KEY POINTS

  • The Zoom iOS app sent user data to Facebook everytime it was opened
  • Zoom didn't know about this until it was informed by a tech site
  • The Zoom iOS app was updated to have the Facebook SDK removed

The developers behind the popular video conferencing app Zoom have updated the platform so that Facebook won't be able to get certain private user details the moment they launch the app.

Vice's Motherboard reported that Zoom has updated its video conferencing app in response to an earlier report revealing that it sends user data to Facebook everytime it is launched.

Last week , Motherboard reported that Zoom's iOS app sends data to Facebook whenever the app is launched by users. Although the data being sent does not include the user's name, it does include when the app is launched, details about the user's device (including the model, operating system, screen size, processor cores and storage space), and more.

The tech site informed Zoom, which had no idea that the transfer of data was happening until it was told. “Zoom takes its users’ privacy extremely seriously,” the company said. “However, we were recently made aware that the Facebook SDK was collecting unnecessary device data.”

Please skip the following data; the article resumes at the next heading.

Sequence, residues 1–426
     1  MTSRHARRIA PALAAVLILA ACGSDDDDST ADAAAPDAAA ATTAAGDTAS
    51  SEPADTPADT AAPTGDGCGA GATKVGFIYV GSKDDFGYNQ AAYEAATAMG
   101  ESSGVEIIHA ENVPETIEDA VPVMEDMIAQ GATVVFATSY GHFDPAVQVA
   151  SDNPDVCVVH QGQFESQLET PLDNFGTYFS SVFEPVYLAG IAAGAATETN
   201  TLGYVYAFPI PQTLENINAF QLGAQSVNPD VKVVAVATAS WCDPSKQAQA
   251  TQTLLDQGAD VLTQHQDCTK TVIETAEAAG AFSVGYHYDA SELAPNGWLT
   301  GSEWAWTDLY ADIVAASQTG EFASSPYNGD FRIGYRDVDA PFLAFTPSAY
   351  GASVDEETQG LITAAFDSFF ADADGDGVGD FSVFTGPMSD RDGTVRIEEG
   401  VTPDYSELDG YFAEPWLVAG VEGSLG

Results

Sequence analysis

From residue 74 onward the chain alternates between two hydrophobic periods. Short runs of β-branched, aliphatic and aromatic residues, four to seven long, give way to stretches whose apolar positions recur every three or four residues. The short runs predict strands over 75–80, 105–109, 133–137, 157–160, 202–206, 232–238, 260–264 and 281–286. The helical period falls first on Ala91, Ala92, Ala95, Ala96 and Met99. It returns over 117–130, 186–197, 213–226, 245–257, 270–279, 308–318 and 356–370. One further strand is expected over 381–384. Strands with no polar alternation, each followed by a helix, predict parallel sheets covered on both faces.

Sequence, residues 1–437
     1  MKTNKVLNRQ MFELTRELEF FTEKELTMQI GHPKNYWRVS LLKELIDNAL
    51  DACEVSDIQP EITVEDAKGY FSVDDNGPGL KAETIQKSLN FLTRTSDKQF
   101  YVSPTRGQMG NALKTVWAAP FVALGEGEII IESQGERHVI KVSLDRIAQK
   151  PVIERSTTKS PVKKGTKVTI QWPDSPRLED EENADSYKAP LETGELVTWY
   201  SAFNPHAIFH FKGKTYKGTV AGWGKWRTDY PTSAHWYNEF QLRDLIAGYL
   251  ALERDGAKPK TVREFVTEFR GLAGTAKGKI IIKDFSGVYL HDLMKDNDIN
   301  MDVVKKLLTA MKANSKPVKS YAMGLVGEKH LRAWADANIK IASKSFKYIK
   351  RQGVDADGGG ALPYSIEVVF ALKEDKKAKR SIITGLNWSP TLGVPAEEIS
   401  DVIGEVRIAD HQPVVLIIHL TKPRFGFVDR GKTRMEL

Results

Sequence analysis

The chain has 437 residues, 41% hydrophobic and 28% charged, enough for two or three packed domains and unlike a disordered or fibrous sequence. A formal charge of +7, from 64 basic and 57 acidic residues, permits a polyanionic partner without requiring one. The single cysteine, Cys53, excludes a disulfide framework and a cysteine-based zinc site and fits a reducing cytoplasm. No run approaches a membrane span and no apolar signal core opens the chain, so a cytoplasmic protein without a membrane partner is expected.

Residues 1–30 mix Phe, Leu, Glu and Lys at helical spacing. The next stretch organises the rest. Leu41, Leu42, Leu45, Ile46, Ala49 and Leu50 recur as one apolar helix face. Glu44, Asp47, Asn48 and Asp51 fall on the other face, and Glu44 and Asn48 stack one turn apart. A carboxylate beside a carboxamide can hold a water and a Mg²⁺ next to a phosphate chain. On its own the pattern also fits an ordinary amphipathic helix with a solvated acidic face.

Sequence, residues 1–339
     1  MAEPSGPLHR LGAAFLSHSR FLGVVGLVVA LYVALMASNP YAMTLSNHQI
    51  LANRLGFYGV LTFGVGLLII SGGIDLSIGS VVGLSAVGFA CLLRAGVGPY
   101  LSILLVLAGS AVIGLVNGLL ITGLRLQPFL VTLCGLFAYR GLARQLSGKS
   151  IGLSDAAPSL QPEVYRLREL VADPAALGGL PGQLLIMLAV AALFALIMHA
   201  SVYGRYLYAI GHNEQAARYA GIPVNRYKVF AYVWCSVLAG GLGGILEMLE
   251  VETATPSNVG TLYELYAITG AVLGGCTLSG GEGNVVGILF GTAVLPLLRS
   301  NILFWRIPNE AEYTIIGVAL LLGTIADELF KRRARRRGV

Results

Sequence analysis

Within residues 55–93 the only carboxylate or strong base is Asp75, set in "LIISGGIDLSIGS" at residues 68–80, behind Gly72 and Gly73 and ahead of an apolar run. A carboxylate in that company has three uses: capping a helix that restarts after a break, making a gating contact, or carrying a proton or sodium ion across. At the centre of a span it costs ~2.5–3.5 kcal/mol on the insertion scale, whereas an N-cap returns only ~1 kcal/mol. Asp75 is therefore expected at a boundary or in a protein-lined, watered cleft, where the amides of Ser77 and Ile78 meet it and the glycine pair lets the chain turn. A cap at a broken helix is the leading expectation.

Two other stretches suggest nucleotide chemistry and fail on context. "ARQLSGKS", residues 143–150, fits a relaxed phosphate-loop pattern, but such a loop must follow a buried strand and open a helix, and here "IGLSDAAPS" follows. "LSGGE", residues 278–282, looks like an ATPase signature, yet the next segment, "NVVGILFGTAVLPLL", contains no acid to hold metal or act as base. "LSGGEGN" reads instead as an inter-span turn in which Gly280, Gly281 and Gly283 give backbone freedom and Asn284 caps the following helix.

As it turns out, a Facebook SDK (software development kit) that was embedded in the Zoom iOS app was the one doing the sending. These SDKs allow developers to make certain features work in apps. Zoom used the SDK to let users log in via the “Login with Facebook” feature. What it didn't know what that the SDK also informed the social media giant about users' movements.

Interestingly, the Zoom iOS app sends user data to Facebook even when the user does not have a Facebook account. It appears that the data transfer was used for advertising purposes – the data that the app sent includes a device-generated advertiser identifier that companies can use to target a user with ads.

Not anymore

Thankfully, Zoom has updated its iOS app so that it won't be capable of sending the aforementioned data to Facebook any longer. The company told Motherboard it “will be removing the Facebook SDK” but will find a way for users to login with Facebook “via their browser.” The tech site downloaded the said update and confirmed that the app doesn't send data off to Facebook anymore.

“We sincerely apologize for this oversight, and remain firmly committed to the protection of our users’ data,” Zoom said.

Videoconferencing apps like Zoom are making it easier for employees to work remotely to reduce the risk of spreading the coronavirus Videoconferencing apps like Zoom are making it easier for employees to work remotely to reduce the risk of spreading the coronavirus Photo: GETTY IMAGES / KENA BETANCUR